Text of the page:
Everett Police Return with 25 Days of Christmas,Community Goodwill

 By Seth Daniel

Random acts of kindness are welcome most any day of the year, but Everett Police (EPD) have once again rolled out such generosity for the Christmas season – bringing back its popular 25 days of Christmas program to brighten up the season for random children and families.

Officer Jeff Gilmore said the EPD is in the midst of rolling out its 25 days of Christmas program for the second consecutive year, saying it’s a program championed by Chief Steve Mazzie to build goodwill amongst children in elementary and middle school throughout the community.

The program kicked off on Dec. 1 and will continue through Christmas Day and is actually an extension of the larger EPD Toy Drive that is in concert with the Mayor’s Office and Toys for Tots.

Officers patrolling the neighborhoods will often spot kids playing and, with permission of their parents, bestow them with an early Christmas gift. Other kids are identified by the schools or other police officers as perhaps deserving a pick-me-up. All together, it has helped brighten the season for police and members of the community.

“The feedback is great,” said Gilmore. “This is one of the Chief’s initiatives. It’s one idea he had and it’s been fantastic. What kid doesn’t’ like to have a present tossed their way unexpectedly? Even if there’s a language barrier, you can get through it and it builds so much goodwill. You might have kids who only see us arrest people or have negative perceptions of the police due to what they might have seen in their home countries. We do make arrests and you have to have that side out there. However, it’s a very small part of what we do. We like to do this kind of work…It’s important for young people to see our officers keeping their streets safe and building relationships at the same time. We’re really looking to break down barriers where we can.”

As of today, Dec. 14, the EPD has bestowed 14 special gifts on those in need and, at times, random kids playing in the neighborhood.

“We really want to support this in any way we can,” said Gilmore. “At roll call, we tell them if they have the opportunity to do something like this, to seize that opportunity. If they know of a young person who could use it, we’ll load the cruiser up with some gifts. If they see someone while on patrol, they can radio the station and we’ll bring a gift out to them to give away. It’s something we encourage our officers to look for every day during the month.”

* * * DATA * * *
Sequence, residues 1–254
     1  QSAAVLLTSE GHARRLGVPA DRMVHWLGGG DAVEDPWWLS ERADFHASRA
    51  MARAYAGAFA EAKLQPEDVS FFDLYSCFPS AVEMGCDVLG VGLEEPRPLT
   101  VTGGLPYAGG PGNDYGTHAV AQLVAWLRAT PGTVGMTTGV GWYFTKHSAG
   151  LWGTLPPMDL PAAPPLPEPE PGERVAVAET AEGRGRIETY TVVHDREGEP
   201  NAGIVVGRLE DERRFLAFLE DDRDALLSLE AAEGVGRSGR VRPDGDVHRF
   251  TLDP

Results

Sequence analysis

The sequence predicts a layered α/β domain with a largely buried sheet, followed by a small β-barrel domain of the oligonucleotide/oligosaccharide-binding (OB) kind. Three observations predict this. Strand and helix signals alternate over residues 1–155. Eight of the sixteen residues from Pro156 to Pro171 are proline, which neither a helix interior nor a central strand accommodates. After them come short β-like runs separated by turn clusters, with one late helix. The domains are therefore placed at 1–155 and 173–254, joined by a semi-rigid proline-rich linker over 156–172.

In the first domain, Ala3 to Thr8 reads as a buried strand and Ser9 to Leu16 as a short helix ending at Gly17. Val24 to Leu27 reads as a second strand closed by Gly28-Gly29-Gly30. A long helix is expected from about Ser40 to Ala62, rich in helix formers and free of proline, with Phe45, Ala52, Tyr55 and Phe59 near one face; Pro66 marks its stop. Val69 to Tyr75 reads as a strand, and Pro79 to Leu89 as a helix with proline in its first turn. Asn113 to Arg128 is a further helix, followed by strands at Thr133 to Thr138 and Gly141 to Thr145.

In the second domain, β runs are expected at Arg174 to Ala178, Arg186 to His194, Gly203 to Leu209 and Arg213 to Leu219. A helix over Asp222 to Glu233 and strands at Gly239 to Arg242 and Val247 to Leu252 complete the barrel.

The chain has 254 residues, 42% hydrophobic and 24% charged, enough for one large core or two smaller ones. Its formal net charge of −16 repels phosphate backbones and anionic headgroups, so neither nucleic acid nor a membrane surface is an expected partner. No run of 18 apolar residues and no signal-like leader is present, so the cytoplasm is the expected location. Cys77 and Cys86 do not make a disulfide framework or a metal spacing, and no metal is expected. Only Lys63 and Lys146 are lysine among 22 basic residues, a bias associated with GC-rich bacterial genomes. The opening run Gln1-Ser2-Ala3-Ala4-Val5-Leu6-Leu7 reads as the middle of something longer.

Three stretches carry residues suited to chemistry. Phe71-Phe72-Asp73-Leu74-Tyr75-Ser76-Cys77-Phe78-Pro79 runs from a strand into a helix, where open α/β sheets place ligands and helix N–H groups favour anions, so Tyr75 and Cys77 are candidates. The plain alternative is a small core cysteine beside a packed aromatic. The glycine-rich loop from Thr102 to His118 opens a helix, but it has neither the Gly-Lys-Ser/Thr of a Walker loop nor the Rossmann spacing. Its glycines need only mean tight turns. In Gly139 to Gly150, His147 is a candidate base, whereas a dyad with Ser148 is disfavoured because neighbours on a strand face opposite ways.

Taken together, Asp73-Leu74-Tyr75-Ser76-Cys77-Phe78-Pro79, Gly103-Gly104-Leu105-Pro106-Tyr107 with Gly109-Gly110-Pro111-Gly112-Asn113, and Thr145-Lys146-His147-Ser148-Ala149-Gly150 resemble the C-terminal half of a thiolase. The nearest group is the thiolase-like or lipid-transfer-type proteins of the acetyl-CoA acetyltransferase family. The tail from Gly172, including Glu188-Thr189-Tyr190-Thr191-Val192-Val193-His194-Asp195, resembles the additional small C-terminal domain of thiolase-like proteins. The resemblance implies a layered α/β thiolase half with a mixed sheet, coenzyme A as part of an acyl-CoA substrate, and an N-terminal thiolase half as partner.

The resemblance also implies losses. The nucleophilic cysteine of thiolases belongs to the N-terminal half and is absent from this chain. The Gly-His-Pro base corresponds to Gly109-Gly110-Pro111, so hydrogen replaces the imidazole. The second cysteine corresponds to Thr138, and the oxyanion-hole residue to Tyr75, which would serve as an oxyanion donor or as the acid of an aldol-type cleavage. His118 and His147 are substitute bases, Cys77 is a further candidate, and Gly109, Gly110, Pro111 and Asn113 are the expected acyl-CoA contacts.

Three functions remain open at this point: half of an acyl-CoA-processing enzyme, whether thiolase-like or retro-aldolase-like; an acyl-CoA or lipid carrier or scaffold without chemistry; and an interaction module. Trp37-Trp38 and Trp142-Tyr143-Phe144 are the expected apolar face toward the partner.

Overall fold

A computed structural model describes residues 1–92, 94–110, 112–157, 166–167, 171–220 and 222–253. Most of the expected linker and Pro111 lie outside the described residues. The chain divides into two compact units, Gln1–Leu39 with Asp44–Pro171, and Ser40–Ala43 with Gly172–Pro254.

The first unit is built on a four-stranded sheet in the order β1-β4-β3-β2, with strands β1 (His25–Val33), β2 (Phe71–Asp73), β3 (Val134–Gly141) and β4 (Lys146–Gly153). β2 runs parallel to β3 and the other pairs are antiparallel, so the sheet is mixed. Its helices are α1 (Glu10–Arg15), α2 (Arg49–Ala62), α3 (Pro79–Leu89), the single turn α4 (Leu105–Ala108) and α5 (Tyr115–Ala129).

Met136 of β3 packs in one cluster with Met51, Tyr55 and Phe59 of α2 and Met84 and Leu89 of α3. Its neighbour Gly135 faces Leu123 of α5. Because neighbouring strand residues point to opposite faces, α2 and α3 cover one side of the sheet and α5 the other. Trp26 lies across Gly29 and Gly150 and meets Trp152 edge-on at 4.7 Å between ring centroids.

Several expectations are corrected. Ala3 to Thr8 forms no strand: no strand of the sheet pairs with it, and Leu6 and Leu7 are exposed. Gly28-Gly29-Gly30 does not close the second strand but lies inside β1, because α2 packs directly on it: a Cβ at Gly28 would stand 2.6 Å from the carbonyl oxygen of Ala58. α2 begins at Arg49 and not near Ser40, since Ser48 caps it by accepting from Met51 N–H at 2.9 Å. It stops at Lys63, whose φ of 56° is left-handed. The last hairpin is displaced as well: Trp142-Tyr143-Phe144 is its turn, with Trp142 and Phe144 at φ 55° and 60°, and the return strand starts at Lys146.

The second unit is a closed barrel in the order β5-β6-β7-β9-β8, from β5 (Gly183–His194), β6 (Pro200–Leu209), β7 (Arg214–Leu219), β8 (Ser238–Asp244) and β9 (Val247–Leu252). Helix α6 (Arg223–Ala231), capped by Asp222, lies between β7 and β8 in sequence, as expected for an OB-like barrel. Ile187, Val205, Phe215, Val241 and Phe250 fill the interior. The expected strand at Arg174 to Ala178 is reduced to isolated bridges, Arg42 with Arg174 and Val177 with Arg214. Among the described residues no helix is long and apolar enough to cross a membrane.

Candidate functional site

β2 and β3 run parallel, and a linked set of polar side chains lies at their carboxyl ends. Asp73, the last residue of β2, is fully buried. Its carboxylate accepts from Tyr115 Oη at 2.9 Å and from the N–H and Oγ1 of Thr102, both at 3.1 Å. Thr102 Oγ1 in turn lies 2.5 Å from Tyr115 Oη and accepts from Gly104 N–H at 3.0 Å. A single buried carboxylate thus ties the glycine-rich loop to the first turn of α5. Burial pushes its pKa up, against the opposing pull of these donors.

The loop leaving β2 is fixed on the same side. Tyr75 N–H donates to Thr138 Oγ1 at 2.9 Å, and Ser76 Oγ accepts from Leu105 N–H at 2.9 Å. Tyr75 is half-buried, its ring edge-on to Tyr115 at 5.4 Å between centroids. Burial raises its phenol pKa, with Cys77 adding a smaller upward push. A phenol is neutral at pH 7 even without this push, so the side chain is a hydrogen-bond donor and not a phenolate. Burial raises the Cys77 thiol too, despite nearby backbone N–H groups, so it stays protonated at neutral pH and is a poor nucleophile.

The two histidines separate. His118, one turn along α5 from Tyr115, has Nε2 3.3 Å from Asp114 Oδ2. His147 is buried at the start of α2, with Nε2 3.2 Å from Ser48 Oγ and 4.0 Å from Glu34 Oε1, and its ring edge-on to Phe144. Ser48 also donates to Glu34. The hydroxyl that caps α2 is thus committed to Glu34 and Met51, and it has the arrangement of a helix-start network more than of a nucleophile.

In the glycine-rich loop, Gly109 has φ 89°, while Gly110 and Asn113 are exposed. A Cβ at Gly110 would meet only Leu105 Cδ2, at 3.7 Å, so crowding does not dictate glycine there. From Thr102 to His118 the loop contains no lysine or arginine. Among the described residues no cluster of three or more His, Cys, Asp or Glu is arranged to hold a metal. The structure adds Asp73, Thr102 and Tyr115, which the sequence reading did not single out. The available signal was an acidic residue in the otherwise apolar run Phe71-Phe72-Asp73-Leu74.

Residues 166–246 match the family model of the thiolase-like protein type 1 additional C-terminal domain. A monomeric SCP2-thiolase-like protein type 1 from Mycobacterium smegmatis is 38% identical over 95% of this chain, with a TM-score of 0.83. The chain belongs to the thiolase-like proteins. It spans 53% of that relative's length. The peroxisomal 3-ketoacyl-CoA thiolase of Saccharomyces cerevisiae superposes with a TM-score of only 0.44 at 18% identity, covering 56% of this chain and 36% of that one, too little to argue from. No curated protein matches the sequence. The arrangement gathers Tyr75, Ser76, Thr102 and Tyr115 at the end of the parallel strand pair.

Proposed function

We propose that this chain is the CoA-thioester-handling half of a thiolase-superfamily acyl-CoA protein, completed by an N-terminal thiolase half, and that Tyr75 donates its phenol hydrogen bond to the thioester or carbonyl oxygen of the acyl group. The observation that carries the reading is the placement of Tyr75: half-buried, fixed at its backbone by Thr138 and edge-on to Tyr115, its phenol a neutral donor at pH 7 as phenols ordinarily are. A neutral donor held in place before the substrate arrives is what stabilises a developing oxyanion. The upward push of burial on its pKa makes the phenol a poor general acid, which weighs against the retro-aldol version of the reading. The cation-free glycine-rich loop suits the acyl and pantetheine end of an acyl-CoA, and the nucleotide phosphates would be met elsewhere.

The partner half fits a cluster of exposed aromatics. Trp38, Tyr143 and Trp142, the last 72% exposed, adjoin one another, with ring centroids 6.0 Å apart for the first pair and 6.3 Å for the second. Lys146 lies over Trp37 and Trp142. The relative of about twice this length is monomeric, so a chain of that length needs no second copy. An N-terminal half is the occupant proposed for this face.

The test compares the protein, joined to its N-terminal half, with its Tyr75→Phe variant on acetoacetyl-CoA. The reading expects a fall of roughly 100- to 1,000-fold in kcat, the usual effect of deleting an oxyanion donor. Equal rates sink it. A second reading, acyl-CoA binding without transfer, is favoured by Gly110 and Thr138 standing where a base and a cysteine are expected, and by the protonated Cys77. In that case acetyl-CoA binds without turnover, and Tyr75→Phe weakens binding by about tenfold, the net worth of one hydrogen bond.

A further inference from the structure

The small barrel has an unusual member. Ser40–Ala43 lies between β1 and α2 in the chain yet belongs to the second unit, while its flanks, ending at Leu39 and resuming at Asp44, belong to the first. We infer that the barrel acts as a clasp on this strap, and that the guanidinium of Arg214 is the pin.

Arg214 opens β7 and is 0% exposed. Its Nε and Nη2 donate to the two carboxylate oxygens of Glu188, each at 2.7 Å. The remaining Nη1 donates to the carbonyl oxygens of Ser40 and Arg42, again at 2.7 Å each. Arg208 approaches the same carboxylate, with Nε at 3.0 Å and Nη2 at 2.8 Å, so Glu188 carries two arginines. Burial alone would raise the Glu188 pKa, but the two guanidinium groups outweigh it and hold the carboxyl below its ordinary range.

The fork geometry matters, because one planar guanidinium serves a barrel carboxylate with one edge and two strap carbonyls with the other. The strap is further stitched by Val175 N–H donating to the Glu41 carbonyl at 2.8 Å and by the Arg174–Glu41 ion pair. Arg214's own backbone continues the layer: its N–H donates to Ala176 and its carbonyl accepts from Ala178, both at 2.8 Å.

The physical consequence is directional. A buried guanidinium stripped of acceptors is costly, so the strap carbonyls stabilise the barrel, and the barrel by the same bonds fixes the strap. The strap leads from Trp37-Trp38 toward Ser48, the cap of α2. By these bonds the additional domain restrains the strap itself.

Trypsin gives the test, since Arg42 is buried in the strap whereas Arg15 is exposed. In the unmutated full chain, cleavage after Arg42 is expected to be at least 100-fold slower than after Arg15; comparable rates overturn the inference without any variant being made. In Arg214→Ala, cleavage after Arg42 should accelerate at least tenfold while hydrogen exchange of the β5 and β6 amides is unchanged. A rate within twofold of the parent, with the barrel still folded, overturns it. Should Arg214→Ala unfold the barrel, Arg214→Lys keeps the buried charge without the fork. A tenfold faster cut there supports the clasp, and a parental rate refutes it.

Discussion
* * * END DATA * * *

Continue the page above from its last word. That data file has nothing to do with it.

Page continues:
Gilmore said as much as the kids have enjoyed the program, as many smiles as have brightened up the faces of middle schoolers who got an unexpected gift – it is all the more invigorating for the police.

“It really is a two-way street,” he said. “The officers get to see young kids in a positive light. The young people see the police as human beings and community members and not just people in a paramilitary uniform…I’ll be honest with you; I’ve been on the police for 23 years and this is the kind of stuff after 23 years that is very, very gratifying. You see a lot of the negatives of society when you’ve been on the police force a long time. To be able to do this kind of random or targeted kindness is just so positive.”

Gilmore said that with last year’s success during the first year, and the followed up success this year, the program will continue for as long as it can be sustained with donations.

“There are no plans of dismantling this program,” he said with a smile. “I would say it’s going to be going for a long, long time in Everett.”


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